How do Manuel's detractors feel about the fact that he won't be fired after this season? How do Manuel's supporters justify allowing him to fulfill his contract next season?
Who are you?
A fan who has previously played baseball, at any level, understands the game to a certain extent. Most people have played this sport, so the pool of fans that we are looking at in this instance is understandably large.
People within any group have broad personality differences. The same has been, is, and seems logically likely to always be true among baseball fans.
But, how can we determine if someone is using logic, or emotion, to form their view of Manuel's job performance?
Facts and feelings about 'Cholly' Manuel
A blended mix of logic and emotion was intentionally used in this section header. The derisive term 'Cholly' clearly referencing the feelings of all who bemoan the ongoing presence of the Phillies' current dugout boss. Then, there are others who believe that they are able to see the clear facts about Manuel.
The former Cleveland Indians' hitting coach and manager was initially hired as a special adviser by former general manager Ed Wade. Many cite that decision as a 'mercy hire', which was purely executed to appease free agent Jim Thome a decade ago.
The beloved Larry Bowa departed after managing 160 games in 2004. Manuel was then interviewed, along with a group of known entities that included Jim Leyland and Jim Fregosi, after that season. With whatever the thought process was, Wade promoted Manuel to manager in November.
While I've never seen a mock Leyland Phillies' jersey at Citizens Bank Park, the current Detroit Tigers' skipper clearly was the fantasy selection of those who feel that they understand the game better than Wade, Pat Gillick, and Amaro.
We know that Manuel isn't the greatest in-game tactician and that he speaks with a distinction that isn't linked to a South Philadelphia lineage.
This 68-year-old man has the most regular season wins in franchise history. He was in charge in 2008, when the team defeated the Milwaukee Brewers, the Los Angeles Dodgers, and the Tampa Bay Rays in order to capture it's second-ever World Series championship. He also presided over the longest postseason appearance streak (2007-2011) and the best regular season record (102-60 in 2011) in franchise history.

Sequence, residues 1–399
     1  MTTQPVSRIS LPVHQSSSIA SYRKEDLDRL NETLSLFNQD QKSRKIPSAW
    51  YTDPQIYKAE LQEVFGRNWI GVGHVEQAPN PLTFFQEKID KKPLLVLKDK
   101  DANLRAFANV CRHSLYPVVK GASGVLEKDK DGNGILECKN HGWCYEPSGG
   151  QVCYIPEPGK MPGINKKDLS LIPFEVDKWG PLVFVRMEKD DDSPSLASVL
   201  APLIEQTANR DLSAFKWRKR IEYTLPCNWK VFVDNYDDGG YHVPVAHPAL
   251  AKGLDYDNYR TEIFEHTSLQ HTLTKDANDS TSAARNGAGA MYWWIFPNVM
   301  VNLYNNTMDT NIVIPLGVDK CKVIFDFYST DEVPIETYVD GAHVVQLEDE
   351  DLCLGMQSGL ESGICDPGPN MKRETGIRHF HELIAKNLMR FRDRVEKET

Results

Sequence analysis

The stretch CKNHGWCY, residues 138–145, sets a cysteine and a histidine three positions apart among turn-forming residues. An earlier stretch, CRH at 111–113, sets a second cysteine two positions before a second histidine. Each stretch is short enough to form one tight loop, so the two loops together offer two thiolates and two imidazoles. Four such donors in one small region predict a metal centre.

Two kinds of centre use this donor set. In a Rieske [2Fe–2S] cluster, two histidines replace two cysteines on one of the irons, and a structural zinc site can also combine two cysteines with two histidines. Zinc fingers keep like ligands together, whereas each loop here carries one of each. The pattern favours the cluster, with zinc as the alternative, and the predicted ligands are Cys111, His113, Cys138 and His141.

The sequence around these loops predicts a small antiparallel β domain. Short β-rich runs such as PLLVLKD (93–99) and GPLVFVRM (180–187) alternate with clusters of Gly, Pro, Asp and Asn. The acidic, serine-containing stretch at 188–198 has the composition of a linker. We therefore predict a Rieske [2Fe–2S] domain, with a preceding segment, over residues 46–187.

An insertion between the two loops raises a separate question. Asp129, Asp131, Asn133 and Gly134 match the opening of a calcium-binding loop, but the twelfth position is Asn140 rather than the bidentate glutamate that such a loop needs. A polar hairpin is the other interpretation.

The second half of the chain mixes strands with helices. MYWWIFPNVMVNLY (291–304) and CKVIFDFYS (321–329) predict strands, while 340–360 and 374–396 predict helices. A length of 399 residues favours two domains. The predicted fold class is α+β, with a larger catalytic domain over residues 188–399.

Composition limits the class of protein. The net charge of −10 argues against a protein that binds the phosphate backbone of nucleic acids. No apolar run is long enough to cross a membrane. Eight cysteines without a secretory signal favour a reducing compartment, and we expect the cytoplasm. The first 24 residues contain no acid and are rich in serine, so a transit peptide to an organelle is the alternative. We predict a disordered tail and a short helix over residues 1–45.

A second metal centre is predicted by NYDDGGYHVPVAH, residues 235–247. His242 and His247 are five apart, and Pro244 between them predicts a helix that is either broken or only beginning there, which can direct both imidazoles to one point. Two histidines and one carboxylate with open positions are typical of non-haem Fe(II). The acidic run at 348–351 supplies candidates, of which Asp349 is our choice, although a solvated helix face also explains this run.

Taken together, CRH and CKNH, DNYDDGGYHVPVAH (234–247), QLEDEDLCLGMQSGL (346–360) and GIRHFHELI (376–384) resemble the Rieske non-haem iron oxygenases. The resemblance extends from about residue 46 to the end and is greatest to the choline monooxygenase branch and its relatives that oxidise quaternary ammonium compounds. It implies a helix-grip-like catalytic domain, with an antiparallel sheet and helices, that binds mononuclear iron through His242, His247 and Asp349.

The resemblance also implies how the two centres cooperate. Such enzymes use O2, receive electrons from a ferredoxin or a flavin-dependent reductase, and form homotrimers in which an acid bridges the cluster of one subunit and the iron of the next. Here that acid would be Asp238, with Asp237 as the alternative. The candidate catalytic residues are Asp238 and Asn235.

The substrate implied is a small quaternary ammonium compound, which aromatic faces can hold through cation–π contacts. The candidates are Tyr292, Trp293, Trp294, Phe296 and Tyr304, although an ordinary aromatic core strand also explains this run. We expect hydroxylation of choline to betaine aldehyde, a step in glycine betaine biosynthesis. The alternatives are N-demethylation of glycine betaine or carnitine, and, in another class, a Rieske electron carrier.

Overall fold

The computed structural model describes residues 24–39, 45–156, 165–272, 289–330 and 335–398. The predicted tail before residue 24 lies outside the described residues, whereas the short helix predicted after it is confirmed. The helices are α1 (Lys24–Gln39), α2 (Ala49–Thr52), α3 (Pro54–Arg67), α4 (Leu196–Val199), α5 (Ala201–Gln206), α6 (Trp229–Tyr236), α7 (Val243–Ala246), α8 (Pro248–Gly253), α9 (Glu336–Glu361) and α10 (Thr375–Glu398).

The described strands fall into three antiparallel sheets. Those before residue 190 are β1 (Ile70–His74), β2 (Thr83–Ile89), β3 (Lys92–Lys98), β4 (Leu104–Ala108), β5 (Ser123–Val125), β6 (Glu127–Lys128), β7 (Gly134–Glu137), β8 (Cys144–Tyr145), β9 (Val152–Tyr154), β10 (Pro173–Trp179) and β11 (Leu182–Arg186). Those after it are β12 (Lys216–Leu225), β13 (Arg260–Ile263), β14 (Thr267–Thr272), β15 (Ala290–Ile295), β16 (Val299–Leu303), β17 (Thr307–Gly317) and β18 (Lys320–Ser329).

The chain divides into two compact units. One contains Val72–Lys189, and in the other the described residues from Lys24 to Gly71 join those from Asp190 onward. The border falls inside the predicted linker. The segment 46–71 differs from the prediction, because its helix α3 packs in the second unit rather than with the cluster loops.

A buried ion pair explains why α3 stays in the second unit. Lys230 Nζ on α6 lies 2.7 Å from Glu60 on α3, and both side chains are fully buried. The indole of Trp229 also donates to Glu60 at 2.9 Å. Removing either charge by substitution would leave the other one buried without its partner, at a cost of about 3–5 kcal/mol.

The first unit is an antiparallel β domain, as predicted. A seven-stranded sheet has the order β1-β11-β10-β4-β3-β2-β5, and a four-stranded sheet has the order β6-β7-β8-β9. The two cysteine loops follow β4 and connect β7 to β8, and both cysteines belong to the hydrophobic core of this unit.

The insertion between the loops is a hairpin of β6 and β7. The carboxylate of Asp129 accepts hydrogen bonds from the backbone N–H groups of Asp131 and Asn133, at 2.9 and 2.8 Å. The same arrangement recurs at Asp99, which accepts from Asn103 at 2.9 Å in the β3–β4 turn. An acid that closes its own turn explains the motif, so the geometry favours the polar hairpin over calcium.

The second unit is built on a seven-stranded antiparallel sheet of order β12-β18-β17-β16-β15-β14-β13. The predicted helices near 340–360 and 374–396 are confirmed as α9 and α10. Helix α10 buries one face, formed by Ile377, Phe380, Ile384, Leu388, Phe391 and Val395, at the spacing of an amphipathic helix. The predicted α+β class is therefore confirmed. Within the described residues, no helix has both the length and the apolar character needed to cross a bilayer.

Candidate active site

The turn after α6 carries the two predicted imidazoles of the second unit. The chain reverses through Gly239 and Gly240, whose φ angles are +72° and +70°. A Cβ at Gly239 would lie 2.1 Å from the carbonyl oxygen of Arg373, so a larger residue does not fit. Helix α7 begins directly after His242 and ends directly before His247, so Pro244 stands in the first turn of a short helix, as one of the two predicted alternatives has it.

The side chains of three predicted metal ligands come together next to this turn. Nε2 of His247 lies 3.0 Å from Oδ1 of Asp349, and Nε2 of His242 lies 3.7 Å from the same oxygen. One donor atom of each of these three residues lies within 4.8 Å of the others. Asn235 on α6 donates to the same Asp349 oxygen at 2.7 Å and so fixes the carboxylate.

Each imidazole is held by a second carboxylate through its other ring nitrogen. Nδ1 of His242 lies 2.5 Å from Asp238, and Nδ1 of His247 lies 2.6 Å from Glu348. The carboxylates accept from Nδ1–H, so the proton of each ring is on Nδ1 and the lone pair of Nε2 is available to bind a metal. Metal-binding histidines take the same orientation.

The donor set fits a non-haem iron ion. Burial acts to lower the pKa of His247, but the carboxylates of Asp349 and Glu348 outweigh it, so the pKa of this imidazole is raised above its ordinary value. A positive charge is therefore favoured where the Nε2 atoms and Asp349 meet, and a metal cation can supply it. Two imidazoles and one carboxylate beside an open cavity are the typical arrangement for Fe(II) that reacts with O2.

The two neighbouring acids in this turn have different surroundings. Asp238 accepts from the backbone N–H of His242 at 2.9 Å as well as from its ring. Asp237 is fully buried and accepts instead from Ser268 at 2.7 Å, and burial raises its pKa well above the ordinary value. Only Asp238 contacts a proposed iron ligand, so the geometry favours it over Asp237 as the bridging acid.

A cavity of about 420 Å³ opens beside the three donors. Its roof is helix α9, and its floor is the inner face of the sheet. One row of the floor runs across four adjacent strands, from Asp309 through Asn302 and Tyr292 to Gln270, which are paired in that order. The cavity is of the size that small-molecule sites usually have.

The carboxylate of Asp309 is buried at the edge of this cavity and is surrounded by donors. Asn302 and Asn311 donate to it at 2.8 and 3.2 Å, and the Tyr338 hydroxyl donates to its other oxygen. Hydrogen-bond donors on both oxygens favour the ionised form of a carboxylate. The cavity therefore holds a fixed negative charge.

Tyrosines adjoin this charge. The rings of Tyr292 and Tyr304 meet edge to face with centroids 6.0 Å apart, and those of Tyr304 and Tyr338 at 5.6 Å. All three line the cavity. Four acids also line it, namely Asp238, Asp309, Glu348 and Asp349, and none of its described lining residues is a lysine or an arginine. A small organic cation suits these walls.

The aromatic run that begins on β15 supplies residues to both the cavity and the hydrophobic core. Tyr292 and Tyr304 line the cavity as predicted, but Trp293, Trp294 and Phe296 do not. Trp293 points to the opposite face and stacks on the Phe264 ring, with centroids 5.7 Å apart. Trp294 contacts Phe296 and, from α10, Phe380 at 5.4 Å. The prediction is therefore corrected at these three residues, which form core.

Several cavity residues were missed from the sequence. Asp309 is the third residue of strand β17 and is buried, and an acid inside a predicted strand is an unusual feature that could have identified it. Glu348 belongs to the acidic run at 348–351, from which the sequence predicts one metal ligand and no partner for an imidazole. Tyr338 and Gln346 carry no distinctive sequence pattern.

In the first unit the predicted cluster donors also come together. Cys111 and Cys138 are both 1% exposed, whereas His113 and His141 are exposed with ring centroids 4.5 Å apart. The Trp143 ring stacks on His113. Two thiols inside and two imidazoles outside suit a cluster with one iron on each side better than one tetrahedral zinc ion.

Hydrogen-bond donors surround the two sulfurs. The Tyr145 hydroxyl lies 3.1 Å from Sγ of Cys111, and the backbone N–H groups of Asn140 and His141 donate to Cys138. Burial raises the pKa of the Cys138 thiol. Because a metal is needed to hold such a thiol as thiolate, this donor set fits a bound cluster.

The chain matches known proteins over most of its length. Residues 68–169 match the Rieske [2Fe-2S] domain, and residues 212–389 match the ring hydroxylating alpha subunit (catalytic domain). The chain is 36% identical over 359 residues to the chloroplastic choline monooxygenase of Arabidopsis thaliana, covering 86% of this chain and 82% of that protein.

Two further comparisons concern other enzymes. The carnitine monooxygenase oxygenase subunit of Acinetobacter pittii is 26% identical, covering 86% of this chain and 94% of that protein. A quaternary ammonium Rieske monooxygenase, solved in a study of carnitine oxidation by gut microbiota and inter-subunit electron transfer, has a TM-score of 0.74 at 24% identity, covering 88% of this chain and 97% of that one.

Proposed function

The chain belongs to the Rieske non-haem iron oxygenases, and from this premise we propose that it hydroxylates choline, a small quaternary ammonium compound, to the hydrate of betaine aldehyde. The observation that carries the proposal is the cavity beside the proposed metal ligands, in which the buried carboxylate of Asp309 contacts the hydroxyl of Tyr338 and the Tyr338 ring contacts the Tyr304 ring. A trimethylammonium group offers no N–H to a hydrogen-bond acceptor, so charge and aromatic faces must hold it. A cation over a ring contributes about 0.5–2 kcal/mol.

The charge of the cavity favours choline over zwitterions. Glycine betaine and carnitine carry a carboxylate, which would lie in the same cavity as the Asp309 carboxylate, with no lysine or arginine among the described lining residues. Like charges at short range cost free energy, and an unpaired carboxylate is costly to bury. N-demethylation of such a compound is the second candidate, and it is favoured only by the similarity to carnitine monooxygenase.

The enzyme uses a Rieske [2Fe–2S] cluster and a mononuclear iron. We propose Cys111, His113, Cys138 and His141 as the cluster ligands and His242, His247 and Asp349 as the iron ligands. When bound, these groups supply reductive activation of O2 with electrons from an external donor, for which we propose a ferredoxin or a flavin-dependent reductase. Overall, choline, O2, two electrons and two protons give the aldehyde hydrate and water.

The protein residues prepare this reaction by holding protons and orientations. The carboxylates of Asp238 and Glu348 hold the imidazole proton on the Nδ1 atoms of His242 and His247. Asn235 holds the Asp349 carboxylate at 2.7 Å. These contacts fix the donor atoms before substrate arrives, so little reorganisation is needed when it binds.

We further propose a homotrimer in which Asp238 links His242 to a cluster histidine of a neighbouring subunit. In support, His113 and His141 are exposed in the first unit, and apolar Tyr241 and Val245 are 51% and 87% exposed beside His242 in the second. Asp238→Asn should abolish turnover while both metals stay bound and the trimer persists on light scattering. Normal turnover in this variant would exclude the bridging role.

Some refuse to relinquish the emotionally-based notion that Manuel has been the full beneficiary of good timing. There are others who are willing to say that this manager has done a good job (overall), should be allowed to fulfill the final year of his contract, and then should be willing to pass the torch to Ryne Sandberg.
If this formerly discarded prospect (who was handed to the Chicago Cubs in the infamous Bowa for Ivan De Jesus deal) truly wants to manage this specific major league team, he will continue to wait for his seemingly close opportunity to do so.
Unless the Phillies rebound into a 2013 World Series championship, it's reasonable to conclude that Manuel's contract won't be extended. Next season represents the final year of the Phillies' deal with their current manager.
Sandberg has proven his humility by initially accepting a low-level minor league managing opportunity with the Cubs in 2007. Will this Hall of Fame player be willing to extend his Triple-A stay for one more year, or agree to become a member of Manuel's coaching staff next season? Neither choice would guarantee him anything, but might not hurt his career options either.
The benefit of 'Ryno' remaining within the Philadelphia organization is that he would retain the first-hand experience he has gained with it's young personnel and with key front office players. Every worker who has sought to advance within a company, rather than jump ship, understand the benefits of strategically staying on board until someone else departs (or is let go).
Ruben Amaro's choice
Amaro might just be saying that Manuel will be back next season. Maybe, he will change his mind in the offseason. He could also be telling everyone exactly what he plans to do.
Those who stand on both sides of this managerial issue seem certain to dig more deeply into their own opinions. Meanwhile, balanced minds will consider the facts and wait for the matter to fully play out.
Sean O'Brien's professional writing career began in 1990, when he first began working in the Philadelphia Phillies farm system. He was a freelance sports writer for five years and is currently a Featured Contributor for Yahoo! Sports. You can follow him on Twitter @SeanyOB and read his daily Sports Blog: Insight.
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